Schubert in the Key of “Whew”
Robert Schumann: Fantasie in C Major for Violin and Piano, Opus 131
Henryk Wieniawski: Fantasy on Themes of Gounod’s “Faust”, Opus 20
Franz Schubert: Fantasy in C Major, D. 934
Igor Pikayzen (Violin), Tatyana Pikayzen (Piano)
I. Pikayzen, T. Pikayzen (© Courtesy of the Artists)
“Her ivory hands on the ivory keys/Strayed in a fitful fantasy.”
Oscar Wilde, (1854-1900), In the Gold Room
“‘Fantasy’: From (late Greek) ‘phainesthai’: to appear; related to ‘phaos, phos’: light; from ‘phainein’: to bring to light.”
Dictionary of Etymology
The trio of “fantasies” last night at BargeMusic weren’t quite as fantastic as their titles promised. Though this was hardly the fault of fiddler Igor Pikayzen or pianist Tatyana Pikayzen.
The first fantasy was a moderately interesting surprise. The second was an understatement. And only the third fantasy was equal to the title. Lyrical, surprising, incredibly difficult. And as far as the etymology above, it did “bring to light” a beautiful (if mawkish) song.
As for the performers, both mother and son were more than adequate. Neither is quite a household name. But to pianists, the Russian-trained Tatyana Pikayzen has been labeled “the Paganini of the Keyboard”. As a soloist, she has performed and recorded internationally, teaches at numerous conservatory.
Here, as an accompanist, her balance with violin, in the challenging BargeMusic venue, and her amazing virtuosity in Schubert’s Fantasy were devilishly great.
Igor has had an equally masterful resume, numerous awards and heads a summer festival around his Connecticut home.
Last night, my initial thoughts were underwhelming. Perhaps one was expecting lush Russian-style singing tones from his instrument. Instead, Mr. Pikayzen produced an unexpectedly lean tone. This was not a “concerto” tone to vie with an orchestra, but a more restrained voice. That was for the opening Schumann Fantasie. As the hour-long recital went on, one realized that such moderation gave room for excelling fingering in even the most difficult passages.
Mind you, Mr. Plekyanov never came close to the unassuming glory of, say, a Joshua Bell. The glory here was never shouted out to the audience: rather, one had to make a mutual effort with the artist, to get the most out of it.
Incidentally, one might have been jolted to hear about a Schumann violin piece, an opus 131 written during the composer’s “loony-bin” years. His compositions then – even his rarely played Beethoven Seventh Symphony variations – lacked the oomph, the delicious invention of his young years.
That was true with this Fantasie for Violin and Piano. I had never previously heard it, for good reason. It was composed for a virtuoso (Joachim), and achieved a certain initial fame, both for piano and later orchestration. Here, both Pikayzens played with suitable artistry, and the short cadenza was handled with enough flair. And while probably caviar for the violinist, these ears were hardly satisfied. Yet inspiration was precluded by craftsmanship.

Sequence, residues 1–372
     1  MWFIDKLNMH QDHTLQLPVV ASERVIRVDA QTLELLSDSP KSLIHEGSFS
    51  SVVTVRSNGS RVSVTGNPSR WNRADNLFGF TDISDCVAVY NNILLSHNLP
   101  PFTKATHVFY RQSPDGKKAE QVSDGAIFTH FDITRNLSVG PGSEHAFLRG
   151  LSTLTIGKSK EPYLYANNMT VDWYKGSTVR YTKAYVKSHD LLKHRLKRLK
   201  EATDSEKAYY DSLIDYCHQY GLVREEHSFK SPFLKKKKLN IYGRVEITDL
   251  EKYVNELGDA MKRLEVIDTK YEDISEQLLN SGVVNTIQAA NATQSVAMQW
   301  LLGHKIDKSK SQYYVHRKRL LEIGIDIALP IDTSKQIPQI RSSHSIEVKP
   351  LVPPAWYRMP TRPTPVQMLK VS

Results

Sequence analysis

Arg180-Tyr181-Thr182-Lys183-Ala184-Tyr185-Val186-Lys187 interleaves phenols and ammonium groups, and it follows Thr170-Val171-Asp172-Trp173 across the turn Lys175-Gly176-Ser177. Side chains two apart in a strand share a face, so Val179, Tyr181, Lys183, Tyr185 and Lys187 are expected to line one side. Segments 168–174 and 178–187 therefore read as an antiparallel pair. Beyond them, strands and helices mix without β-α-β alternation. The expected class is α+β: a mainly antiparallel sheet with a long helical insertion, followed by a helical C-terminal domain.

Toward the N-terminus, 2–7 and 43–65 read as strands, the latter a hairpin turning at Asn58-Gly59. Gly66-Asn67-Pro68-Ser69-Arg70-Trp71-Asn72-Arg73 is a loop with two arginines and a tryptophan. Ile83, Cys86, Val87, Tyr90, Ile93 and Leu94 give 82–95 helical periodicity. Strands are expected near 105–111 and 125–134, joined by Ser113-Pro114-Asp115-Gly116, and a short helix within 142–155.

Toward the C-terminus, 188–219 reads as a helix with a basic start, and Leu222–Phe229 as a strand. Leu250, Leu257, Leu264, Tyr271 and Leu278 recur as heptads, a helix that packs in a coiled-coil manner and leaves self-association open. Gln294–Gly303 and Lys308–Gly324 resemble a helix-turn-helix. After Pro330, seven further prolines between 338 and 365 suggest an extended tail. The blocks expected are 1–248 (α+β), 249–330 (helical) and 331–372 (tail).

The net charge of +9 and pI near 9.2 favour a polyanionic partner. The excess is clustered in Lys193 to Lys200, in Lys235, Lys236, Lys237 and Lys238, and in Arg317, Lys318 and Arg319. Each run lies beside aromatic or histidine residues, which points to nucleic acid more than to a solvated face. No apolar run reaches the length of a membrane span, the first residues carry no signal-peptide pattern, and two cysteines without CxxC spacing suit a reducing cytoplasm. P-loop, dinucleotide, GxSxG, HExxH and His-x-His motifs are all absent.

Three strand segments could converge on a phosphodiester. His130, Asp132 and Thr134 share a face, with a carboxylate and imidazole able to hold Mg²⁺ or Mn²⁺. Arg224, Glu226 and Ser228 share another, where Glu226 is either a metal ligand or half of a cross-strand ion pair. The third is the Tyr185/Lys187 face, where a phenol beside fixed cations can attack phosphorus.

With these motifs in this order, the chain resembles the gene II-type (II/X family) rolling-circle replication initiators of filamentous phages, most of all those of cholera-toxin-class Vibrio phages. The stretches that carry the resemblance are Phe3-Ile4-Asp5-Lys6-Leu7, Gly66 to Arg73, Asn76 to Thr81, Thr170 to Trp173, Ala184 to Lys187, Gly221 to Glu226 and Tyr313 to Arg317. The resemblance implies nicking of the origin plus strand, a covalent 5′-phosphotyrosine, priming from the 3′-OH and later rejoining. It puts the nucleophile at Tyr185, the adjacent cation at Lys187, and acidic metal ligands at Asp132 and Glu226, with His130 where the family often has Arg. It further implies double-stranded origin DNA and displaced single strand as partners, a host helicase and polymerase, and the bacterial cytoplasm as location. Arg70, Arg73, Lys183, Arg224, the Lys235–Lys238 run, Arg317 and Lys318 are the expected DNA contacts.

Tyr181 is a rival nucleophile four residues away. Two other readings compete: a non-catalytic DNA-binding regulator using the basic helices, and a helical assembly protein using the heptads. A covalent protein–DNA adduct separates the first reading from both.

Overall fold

The following Wienawski “Gounod” Fantasy was equally unexpected, though not in a bad way. Like so many of the violin/composers in the 19th Century, their violins were instruments to demonstrate digital miracles. Wienawski was no exception. But when he heard Gounod’s Faust–a very pretty opera albeit one which would have horrified Goethe–he was struck by the melodies.
Thus this Fantasy was more a reprise of the opera (what we now call a “cover version”) than an exhibitionist showpiece. Not that Mr. Pikayzen could zoom through it. While this was a summary of melodies (albeit Wienawski’s exclusion of “The Jewel Song”), it lacked no end of arpeggios, double-bowings, pizzicati and notes on he top end of the register, and both violinist and pianist sailed through.
The epiphany of the evening, performed with both grace and epic finger work, was Schubert’s Fantasy. The least important part, for this listener, was a technique which presaged Paganini. Double-stopping, harmonics, incredile staccato in the rapid tempos (yet played with utmost tranquility)...This was par for the course.
Far more splendid was the music itself, beginning with mysterious chords, going onto variations on a sentimental Schubert song, as Tatyana Pikayzen showed her chops for the third variation. Yet each measure of this middle section became increasingly intense, fiery, strange, a Beethoven anthem, machinations on the E string.
This, in my score, is a mere Andantino. The last movement is Allegro Presto. Or, in more technical terms, Whew!.
Yet the Pikayzens never stopped. The difficulties were manifold–but Schubert never failed in lyricism, in melody, and in delight, sheer delight, for both listeners and artists.